How much alpha exists in the financial markets? Is alpha a zero sum game?

Ever wonder if generating alpha is a zero-sum game? Or do you think quotes like these below hold:

“Active management can generate alpha for investors, and passive investing cannot.”

“In a market with low returns, active management is better, as alpha becomes more important.”

In this post we will establish how much alpha is available in the market, and why statements like the above are simply ridiculous.

To begin, let’s define alpha. Investopedia defines it as follows:*

  1. A measure of performance on a risk-adjusted basis.
  2. The abnormal rate of return on a security or portfolio in excess of what would be predicted by an equilibrium model like the capital asset pricing model (CAPM). *http://www.investopedia.com/terms/a/alpha.asp#ixzz4Y8m3usBD

For the calculation, we will go ahead and use the ever-popular Capital Asset Pricing Model (CAPM). The formula for alpha (aka Jensen’s Alpha) is below:

To simplify, our market will consist of only three securities (X, Y and Z) and two investors (Jordan and Michael). Each security will have a beginning market capitalization of $100. It doesn’t matter how you think of it, as these could be individual securities like stocks or whole asset classes (stocks, bonds, treasury bills). Each investor will begin with $150 and allocate his/her portfolio based on perceived preferences (valuations). At the end of the year, we will calculate how each investor performed and how much alpha was generated. We will use Excel’s pre-build formulas for all the calculations.

The market portfolio is evenly split by the three securities in the beginning of the measurement period. The far right column shows the return of each security after one year:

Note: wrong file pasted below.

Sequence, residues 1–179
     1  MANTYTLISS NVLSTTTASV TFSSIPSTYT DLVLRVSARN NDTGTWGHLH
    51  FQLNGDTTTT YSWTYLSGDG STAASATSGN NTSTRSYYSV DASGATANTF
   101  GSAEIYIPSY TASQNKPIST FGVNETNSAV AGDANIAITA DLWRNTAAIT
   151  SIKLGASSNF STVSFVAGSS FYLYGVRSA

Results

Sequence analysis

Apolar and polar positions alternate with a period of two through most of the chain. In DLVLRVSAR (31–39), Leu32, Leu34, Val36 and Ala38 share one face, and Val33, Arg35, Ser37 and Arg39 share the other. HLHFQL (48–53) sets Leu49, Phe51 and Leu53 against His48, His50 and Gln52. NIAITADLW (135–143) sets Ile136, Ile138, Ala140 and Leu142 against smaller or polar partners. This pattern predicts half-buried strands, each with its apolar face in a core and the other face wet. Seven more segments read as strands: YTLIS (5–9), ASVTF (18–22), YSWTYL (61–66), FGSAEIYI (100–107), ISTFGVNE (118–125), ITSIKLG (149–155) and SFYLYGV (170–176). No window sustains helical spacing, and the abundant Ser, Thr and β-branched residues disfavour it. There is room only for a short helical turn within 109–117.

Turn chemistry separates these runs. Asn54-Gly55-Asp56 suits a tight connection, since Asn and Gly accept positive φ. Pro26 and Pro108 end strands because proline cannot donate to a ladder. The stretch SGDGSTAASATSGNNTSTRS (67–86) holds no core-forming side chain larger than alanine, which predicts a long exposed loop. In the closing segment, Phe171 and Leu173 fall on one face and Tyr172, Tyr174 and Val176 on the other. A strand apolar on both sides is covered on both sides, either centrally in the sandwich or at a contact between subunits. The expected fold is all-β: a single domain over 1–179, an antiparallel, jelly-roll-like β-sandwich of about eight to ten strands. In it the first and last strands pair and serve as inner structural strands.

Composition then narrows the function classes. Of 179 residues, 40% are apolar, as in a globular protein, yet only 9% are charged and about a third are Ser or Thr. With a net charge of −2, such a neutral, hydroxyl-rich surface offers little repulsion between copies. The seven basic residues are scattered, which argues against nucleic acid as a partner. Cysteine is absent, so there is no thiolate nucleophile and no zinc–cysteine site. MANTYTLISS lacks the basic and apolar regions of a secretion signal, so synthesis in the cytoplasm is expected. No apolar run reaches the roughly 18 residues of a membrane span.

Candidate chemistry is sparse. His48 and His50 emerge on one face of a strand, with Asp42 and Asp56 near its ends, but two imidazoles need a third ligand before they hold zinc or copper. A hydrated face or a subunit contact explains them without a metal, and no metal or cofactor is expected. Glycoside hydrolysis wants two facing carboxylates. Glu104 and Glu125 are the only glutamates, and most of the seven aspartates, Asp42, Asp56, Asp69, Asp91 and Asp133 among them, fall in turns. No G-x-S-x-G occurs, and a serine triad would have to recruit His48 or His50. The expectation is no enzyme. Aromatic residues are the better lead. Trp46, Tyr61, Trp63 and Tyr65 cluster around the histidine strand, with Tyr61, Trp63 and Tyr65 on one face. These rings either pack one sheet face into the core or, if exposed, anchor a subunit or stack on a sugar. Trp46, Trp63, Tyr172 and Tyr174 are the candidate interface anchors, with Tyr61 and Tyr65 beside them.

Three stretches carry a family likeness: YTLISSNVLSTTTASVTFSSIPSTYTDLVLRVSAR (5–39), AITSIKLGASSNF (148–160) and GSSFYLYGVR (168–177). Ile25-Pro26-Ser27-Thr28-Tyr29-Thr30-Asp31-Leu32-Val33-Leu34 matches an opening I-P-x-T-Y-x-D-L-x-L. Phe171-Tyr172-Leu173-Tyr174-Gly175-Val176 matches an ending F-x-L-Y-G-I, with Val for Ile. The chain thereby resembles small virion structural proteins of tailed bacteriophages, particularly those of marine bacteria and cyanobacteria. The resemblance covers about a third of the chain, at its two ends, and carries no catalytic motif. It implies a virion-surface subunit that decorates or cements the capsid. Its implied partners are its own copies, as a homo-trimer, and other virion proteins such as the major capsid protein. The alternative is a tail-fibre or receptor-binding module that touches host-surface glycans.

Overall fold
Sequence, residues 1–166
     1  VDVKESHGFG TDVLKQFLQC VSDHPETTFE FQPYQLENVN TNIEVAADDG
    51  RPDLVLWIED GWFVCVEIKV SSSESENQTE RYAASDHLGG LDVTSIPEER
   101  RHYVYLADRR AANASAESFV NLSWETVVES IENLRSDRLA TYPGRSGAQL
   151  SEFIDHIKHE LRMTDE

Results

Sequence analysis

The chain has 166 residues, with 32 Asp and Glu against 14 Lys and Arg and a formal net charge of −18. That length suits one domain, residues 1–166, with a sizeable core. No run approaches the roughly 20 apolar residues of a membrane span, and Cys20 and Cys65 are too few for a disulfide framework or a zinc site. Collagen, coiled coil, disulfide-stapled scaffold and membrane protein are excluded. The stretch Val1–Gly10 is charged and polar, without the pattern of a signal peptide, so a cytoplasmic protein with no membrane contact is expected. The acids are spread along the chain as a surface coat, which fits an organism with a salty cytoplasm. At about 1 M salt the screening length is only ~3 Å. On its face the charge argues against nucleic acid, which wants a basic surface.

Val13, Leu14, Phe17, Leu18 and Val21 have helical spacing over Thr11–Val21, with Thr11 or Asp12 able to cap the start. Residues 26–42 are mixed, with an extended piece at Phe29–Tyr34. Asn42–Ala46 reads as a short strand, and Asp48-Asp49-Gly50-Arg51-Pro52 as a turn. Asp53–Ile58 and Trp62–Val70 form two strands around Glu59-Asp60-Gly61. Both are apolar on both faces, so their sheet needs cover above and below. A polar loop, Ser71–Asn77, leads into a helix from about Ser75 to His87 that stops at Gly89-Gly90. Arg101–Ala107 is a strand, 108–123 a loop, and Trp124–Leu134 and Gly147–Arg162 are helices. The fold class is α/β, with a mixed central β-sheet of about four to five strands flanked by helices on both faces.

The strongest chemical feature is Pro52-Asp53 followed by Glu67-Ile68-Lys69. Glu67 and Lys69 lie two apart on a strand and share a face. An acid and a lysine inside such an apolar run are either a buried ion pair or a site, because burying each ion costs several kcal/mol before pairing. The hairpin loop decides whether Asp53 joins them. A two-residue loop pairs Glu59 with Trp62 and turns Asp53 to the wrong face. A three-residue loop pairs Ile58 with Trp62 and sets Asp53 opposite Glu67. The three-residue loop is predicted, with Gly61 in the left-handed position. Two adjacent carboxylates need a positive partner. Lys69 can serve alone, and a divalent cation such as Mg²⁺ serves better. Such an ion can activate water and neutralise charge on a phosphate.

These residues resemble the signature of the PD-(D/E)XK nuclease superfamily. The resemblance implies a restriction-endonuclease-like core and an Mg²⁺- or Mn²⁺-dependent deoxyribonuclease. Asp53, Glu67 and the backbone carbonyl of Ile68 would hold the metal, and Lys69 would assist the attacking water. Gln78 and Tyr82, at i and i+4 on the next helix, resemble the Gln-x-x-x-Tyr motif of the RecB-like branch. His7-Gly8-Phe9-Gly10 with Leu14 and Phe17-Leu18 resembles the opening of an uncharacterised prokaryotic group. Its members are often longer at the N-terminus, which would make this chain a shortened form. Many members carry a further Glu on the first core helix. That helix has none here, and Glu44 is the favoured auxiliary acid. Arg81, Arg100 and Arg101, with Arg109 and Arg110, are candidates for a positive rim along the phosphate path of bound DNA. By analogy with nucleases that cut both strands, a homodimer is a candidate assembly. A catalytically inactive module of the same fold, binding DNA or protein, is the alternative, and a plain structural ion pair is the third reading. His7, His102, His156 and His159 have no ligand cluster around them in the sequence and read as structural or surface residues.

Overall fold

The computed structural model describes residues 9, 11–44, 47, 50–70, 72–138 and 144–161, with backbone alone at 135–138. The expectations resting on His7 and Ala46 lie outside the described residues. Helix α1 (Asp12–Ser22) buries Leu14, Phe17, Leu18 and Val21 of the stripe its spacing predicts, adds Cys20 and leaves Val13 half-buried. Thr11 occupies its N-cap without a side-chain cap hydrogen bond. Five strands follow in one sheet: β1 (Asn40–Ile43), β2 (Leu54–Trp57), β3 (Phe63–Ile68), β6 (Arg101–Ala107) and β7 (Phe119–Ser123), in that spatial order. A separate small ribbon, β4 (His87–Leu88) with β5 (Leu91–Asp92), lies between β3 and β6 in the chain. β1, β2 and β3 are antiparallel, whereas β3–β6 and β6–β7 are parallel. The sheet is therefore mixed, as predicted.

Note that every security has to be owned by someone. Our investors have decided on the following portfolio allocations:

Below is a table of the monthly variance of security prices. Technically, in order for the prices to fluctuate, trading will have to occur. We are simplifying this example, but it wouldn’t have an impact on the final calculation. Note the risk statistics–as expected, the market beta is 1.00.

For the finale, let’s calculate the alpha of each portfolio, assuming a risk-free rate of 0.0%.

Zero-Sum Game

How much alpha (risk adjusted performance) is there in the overall market? The answer is zero. Notice that Jordan’s negative alpha exactly offsets Michaels’s positive alpha. This fact will hold true even if one expands to thousands of investors and securities. It is what is called “a priori” knowledge– true by definition (observe how alpha is calculated through all the formulas and note it has to sum to zero).  It’s important to realize that all risk measures such as beta, alpha, correlation, etc., are relative measures. What follows is that for any security with a beta higher than 1.00, there is a security with a beta smaller than 1.00, and by the same amount. All the securities aggregated together are the market, and the market beta has to be “1.00.” More importantly, generating alpha from the market is a zero-sum game, i.e., for one investor to create alpha, another has to lose it. On the other hand, investing as a whole is not a zero-sum game, as both investors can end up with positive returns. So, active management, overall, cannot generate alpha, but good active managers could extract alpha at the expense of the poorer managers.

“Alpha is a relative measure; for one to get alpha in the financial markets, someone has to lose it.”

Concerning the latter part of the quote, alpha actually becomes less important if market returns are expected to be low. If the returns are lower, active managers’ expenses will take a bigger chunk of the return. For example, if US Large Caps are expected to return 2%, but your active manager charges you a 1% fee, then your return will most likely be 1%. Hence, the fee swallows 50% of your expected return. If US Large Caps are expected to generate a return of 20%, and your active manager charges you a 1% fee, then your return will most likely be 19%. In this case, the fee consumes only 5% of your expected return.

“The risks of using an active manager are lower in higher expected-return markets than in lower-expected return markets.”

In conclusion, if you want to use an active manager, make sure he/she is able to extract alpha from other active managers. Also, remember that as expected returns decline, fees play a more important role in your portfolio performance.

 

 

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